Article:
Once again cannabis in the form of hemp makes itself useful to mankind. “By taking advantage of the complex multi-layered structure of a hemp bast fiber precursor, such exquisite carbons were able to be achieved by simple hydrothermal carbonization combined with activation. This novel precursor-synthesis route presents a great potential for facile large-scale production of
Once again cannabis in the form of hemp makes itself useful to mankind.
“By taking advantage of the complex multi-layered structure of a hemp bast fiber precursor, such exquisite carbons were able to be achieved by simple hydrothermal carbonization combined with activation. This novel precursor-synthesis route presents a great potential for facile large-scale production of high-performance carbons for a variety of diverse applications including energy storage.” [see above graft chart]
Those words are from a scientist from New York’s Clarkson University who says he’s found a way to manufacture hemp waste into a material “better than graphene.” Moreover, the scientist — known to his peers as Dr. David Mitlin — says creating this graphene-like hemp material costs but a minuscule fraction of what it takes to produce graphene.
Comprised of a lone hexagonal honeycomb lattice layer of tightly packed carbon atoms, graphene is one of the strongest, lightest, and most conductive compounds ever discovered. Bottom line, it’s an extraordinary composite, but it’s costly.
Presented at an American Chemical Society Meeting in San Francisco, Dr. Mitlin described how he and his team were able to recycle leftover hemp bast fiber into powerful energy-storing super-capacitors. To do this, Mitlin says he first cooked the leftover fibers to achieve hydrothermal synthesis.
After the hemp’s lignin and semi-cellulose dissolve, what’s left are carbon nanosheets incredibly similar to the structure of graphene. He then built the resulting sheets into electrodes and added an ionic liquid for its electrolyte to create a batch of super-capacitors boasting a high energy density.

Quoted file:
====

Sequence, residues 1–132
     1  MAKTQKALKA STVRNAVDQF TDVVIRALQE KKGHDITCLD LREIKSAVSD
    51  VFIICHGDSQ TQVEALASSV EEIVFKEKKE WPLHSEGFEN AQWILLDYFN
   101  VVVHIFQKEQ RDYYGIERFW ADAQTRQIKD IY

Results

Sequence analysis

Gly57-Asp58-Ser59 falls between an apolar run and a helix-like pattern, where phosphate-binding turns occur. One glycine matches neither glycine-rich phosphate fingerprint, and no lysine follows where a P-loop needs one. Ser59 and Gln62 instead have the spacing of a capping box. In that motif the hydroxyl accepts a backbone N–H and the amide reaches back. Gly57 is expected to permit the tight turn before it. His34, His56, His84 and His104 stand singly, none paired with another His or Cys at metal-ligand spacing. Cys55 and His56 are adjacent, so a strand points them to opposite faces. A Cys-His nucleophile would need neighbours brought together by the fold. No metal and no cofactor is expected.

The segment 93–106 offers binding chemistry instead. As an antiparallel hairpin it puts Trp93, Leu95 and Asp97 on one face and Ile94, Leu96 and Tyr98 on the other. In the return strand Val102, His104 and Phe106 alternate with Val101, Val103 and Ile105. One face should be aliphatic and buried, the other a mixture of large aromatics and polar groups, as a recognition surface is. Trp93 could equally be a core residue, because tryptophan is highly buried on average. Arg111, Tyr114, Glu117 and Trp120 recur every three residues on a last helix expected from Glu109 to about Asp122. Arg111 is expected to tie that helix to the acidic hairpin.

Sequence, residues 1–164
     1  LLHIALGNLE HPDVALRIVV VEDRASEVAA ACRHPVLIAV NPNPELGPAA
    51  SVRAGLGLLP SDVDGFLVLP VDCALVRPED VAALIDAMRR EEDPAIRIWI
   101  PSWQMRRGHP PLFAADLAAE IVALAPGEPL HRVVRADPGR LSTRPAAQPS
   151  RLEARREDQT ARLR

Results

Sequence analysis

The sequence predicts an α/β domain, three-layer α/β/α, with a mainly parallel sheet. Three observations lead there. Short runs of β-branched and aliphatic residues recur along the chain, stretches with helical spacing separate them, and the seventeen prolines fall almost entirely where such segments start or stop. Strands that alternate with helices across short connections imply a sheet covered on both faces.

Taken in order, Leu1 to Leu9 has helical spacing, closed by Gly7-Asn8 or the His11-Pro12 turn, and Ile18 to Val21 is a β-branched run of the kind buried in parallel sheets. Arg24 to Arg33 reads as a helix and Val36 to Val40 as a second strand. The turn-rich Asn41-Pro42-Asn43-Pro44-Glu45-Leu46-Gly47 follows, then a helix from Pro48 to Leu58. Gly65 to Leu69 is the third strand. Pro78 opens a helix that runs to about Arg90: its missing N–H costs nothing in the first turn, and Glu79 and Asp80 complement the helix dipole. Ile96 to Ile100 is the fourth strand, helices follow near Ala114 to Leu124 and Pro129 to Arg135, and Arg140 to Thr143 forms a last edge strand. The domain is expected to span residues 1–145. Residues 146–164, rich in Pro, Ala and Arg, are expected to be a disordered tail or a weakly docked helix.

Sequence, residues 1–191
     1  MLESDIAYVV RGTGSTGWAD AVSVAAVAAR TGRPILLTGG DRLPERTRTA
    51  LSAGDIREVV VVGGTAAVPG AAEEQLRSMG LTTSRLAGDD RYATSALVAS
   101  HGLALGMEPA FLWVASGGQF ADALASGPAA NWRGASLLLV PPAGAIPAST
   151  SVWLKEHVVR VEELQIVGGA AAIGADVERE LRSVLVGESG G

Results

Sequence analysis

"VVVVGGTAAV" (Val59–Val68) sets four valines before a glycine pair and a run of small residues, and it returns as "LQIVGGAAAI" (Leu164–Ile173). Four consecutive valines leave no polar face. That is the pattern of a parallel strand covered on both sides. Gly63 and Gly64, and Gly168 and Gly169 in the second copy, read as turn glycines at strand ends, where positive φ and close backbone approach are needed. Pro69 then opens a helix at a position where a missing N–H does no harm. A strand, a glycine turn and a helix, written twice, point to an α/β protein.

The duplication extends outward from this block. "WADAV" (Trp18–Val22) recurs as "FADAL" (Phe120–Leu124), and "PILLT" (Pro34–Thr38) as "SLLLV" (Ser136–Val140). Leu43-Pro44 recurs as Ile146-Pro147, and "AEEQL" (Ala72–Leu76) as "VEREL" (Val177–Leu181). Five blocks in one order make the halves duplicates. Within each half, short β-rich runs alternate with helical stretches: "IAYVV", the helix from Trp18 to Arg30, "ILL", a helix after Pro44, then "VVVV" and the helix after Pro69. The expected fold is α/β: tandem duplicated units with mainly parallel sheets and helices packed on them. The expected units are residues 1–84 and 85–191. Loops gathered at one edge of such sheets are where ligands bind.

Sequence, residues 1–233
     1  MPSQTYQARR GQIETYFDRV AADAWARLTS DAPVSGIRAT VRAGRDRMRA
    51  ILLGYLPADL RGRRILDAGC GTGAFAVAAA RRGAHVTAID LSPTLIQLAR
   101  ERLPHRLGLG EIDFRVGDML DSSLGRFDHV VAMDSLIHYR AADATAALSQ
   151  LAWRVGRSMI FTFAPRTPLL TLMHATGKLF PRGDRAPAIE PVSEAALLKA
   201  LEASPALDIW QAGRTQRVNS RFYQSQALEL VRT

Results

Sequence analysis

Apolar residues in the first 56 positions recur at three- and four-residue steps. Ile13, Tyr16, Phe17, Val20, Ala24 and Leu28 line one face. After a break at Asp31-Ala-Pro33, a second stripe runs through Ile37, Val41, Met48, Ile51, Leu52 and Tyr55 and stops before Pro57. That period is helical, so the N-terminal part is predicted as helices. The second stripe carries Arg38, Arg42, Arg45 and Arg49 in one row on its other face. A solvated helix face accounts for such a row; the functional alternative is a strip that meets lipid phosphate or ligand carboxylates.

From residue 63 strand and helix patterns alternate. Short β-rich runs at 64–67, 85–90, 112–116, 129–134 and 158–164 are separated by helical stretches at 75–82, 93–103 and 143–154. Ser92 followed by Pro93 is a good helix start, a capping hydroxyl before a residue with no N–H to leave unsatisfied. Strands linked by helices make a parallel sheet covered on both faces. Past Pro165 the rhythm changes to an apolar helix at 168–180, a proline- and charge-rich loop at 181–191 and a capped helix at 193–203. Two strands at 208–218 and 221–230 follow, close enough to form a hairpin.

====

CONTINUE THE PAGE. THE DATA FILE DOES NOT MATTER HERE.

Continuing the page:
“Obviously, hemp can’t do all the things graphene can,” Mitlin acknowledged. “But for energy storage, it works just as well. And it costs a fraction of the price [at] $500 to $1,000 a tonne.”
Countries like Canada, China, and the United Kingdom rely heavily on industrially grown hemp for use in clothing, jewelry, building materials, among other applications. What’s left over after these goods are created is the aforementioned bast fiber, which typically finds its way to landfills. Additionally, Mitlin points out that the hemp used to create the graphene-like super-capacitor is entirely legal to grow and contains absolutely zero traces of THC.
“Fifty miles down the road from my house in Alberta there was an agricultural hemp processing facility and all that bast fiber, it just sits in a high bay, and they don’t know what to do with it,” Mitlin tells BBC News. “It’s a waste product looking for a value-added application. People are almost paying you to take it away.”
With everything from electric cars to power tools having the ability to make use of super-capacitors, it seems quite possible that Mitlin’s discovery could oust graphene from its reign as the gold standard of energy-storing materials.
CCHI activists know that there is enough money to be made off hemp products to benefit a state government budget without taxing medical marijuana patients. A sick person has a right to be well. An unhappy person is at liberty to seek happiness.
(Story source – Rick Stella)